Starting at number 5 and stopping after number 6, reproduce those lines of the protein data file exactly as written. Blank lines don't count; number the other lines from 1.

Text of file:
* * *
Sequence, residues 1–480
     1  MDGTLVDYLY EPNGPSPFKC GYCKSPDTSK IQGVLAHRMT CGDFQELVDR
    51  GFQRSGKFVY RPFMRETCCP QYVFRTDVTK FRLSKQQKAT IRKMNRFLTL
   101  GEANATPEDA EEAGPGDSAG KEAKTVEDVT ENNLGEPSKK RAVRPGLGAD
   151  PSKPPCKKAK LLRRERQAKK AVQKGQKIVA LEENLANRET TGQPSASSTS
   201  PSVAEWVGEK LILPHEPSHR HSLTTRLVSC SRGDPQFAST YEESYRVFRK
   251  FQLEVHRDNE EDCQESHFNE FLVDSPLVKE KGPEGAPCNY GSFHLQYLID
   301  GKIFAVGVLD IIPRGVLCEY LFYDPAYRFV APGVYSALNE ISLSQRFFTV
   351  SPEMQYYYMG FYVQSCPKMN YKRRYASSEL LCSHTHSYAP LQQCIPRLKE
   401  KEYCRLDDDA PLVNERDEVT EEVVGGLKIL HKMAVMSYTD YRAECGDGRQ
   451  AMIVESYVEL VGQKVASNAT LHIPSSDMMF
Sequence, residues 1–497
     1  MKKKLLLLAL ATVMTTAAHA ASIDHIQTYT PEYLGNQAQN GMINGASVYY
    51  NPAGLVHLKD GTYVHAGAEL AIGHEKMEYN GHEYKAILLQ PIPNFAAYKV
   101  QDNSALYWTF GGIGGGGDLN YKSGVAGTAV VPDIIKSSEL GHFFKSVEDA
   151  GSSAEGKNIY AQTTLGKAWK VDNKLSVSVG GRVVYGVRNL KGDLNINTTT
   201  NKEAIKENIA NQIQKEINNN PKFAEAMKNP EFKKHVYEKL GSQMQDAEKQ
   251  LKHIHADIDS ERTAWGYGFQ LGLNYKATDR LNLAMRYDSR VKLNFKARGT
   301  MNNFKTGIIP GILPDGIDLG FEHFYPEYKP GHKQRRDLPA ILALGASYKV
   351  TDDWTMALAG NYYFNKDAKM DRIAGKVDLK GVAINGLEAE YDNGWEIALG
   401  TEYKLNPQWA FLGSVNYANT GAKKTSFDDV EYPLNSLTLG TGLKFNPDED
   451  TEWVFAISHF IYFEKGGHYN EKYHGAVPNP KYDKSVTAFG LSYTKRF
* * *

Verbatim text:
   151  PSKPPCKKAK LLRRERQAKK AVQKGQKIVA LEENLANRET TGQPSASSTS
   201  PSVAEWVGEK LILPHEPSHR HSLTTRLVSC SRGDPQFAST YEESYRVFRK